Christopher Lloyd looks angry on The Mandalorian

Despite her best efforts to look forward on the Star Wars show, Lizzo’s Duchess was forced to look back. She couldn’t convince her fellow countrymen to let go of his old grudges to help build a better and more equitable world. Meanwhile, the shadow of her spouse’s sins haunted a man genuinely trying to atone for past transgressions. How could he earn both forgiveness and acceptance in his new life when he knew others would always doubt him? And finally, Commissioner Helgait tried to stay true to the cause he dedicated his life to. That stopped him from accepting new possibilities. All three couldn’t escape the past no matter how much they tried, whether they wanted or needed to. They had to face theirs directly because no one can escape their past.

That’s an idea that has permeated season three of The Mandalorian. It’s also one Star Wars has explored from the very beginning when an old desert hermit told a kid about his late father. Where we come from, what we’ve done, and who we were are always with us. That’s true whether we’re Darth Vader, Obi-Wan Kenobi, Luke Skywalker, Rey, Finn, or some random political figure on a planet few have ever heard of.

The Dutchess and Bombardier stand before Helgait and Din Djarin in a big room on The Mandalorian

The inescapable way our past shapes our future has been especially true of Bo-Katan this season. Her previous failures hang over her story and drive everything she does. Just as Grogu’s experiences at the Jedi Temple shape his life and battle droids destroying Din Djarin’s childhood does with him. From Dr. Pershing and Elia Kane, to Moff Gideon and the shadow of the Empire, to the mythosaur and Mandalorian civil war, to Greef Karga’s previous profession and Palpatine’s eventual resurrection, the show has consistently reminded us this year that the Force flows through everything. That includes the past, present, and future alike. They are all one.

“No one’s ever really gone,” either, including the people we once were and the enemies we once had. But like the Force itself, which can be used by both Jedi or Sith, light and dark, the past is neither inherently good or bad. It’s what we take from it, what we learn from it, and what we do that defines us.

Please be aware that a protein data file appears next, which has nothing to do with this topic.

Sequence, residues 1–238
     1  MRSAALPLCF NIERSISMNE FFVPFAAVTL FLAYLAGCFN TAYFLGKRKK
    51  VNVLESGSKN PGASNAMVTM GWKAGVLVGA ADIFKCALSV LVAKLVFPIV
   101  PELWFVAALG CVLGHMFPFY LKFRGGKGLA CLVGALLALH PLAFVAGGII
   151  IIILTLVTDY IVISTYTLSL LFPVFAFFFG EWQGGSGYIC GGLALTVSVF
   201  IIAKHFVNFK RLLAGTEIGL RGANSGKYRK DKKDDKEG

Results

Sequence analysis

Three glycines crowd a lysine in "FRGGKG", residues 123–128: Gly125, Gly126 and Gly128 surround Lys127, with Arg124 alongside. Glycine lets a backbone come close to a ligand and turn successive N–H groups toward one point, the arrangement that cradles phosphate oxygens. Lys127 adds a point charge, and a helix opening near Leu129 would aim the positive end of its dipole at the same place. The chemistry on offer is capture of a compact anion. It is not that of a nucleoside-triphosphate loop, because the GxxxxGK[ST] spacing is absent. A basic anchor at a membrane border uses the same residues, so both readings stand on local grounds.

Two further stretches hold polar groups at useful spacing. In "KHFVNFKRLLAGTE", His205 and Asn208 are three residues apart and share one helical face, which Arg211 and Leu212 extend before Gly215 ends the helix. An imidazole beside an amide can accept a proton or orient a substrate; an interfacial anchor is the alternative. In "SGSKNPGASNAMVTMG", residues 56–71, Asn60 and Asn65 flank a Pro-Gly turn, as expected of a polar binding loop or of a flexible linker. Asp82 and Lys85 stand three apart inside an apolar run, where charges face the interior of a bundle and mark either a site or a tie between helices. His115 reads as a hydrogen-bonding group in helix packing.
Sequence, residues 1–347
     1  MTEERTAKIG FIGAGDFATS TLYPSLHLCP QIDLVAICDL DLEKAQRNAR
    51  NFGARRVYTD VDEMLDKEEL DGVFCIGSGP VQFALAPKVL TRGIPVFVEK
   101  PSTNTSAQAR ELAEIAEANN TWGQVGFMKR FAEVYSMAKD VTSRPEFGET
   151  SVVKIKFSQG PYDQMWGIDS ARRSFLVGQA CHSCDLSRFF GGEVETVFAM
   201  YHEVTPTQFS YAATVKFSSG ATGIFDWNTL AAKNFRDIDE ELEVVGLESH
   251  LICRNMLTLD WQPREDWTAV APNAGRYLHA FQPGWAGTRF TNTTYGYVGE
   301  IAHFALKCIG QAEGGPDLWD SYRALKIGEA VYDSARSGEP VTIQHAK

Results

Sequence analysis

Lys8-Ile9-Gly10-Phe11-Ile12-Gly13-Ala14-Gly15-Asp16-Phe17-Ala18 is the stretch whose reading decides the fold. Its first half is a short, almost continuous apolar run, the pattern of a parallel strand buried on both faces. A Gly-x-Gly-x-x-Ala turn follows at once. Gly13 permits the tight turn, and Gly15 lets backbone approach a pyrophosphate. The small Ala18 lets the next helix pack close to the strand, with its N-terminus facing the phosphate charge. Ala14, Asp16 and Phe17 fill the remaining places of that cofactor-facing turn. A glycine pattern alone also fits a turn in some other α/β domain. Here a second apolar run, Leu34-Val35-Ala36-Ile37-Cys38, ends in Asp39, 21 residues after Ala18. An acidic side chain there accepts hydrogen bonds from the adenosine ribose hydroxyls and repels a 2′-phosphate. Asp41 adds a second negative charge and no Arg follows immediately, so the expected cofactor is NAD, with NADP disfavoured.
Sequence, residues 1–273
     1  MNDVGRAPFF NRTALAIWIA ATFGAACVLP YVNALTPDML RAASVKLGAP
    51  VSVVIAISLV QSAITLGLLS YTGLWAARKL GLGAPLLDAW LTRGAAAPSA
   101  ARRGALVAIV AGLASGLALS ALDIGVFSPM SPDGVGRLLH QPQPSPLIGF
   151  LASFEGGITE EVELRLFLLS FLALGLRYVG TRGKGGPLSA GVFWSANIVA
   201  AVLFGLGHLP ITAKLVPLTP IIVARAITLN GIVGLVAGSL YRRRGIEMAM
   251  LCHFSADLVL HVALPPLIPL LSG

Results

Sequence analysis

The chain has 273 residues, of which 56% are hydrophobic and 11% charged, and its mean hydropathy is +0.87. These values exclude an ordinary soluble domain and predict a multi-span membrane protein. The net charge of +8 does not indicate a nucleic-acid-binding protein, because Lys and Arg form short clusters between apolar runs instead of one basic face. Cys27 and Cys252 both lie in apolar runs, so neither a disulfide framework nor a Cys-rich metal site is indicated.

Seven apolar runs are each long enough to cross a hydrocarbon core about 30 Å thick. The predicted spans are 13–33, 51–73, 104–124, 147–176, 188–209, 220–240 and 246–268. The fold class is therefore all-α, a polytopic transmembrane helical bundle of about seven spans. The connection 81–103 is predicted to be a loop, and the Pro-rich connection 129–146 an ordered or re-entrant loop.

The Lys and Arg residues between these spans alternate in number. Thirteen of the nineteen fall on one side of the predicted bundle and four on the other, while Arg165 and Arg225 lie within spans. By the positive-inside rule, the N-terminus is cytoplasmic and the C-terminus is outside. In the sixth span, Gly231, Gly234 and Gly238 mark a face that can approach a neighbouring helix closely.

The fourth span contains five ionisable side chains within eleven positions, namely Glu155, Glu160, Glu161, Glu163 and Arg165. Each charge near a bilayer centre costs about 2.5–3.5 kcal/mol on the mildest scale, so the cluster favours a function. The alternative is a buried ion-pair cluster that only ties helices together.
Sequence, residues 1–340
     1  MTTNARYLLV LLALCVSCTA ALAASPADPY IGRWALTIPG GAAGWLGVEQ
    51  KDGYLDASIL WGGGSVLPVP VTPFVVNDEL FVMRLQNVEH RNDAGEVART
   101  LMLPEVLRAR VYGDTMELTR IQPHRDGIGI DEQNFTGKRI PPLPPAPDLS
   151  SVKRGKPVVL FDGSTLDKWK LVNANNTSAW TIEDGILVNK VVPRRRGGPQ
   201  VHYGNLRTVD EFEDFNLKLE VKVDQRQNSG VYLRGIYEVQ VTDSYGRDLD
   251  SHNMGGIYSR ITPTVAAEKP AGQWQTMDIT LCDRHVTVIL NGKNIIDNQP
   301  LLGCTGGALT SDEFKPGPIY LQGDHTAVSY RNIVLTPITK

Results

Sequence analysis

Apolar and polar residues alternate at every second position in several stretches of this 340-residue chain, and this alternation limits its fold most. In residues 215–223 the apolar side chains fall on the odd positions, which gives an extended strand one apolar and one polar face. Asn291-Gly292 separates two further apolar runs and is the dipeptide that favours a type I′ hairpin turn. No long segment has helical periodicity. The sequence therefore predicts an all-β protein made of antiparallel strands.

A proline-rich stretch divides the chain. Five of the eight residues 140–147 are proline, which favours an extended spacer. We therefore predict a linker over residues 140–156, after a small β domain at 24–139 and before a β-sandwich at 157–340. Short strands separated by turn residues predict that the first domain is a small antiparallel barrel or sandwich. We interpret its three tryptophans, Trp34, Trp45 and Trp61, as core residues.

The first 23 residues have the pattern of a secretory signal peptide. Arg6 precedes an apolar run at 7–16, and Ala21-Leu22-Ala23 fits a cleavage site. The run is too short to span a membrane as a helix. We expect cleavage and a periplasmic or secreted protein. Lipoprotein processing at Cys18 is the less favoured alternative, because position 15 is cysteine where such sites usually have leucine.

Bo-Katan (center) without her helmet holds the Darksaber by her side as Din Djarin stands next to her on The Mandalorian

That’s a powerful idea. It’s also been one of Star Wars most important since the beginning. What would have happened to the galaxy if Luke Skywalker had not refused to let his father’s past failures determine his own future? And what happened if Anakin had let go over the old fears that haunted him?

Did The Mandalorian need three super-famous people in small cameo roles to reinforce this central theme? No, and that’s probably not why they were cast anyway. (If you could hang out in the galaxy far, far away with Jack Black, Lizzo, and Christopher Lloyd wouldn’t you?) And yet, it was strangely appropriate for The Mandalorian season three cameo characters’ most important theme. It doesn’t matter who you are, even if you’re one of the most famous people in this galaxy. You can never escape your past. Nor should you want to.

Mikey Walsh is a staff writer at Nerdist. You can follow him on Twitter at  @burgermike. And also anywhere someone is ranking the Targaryen kings.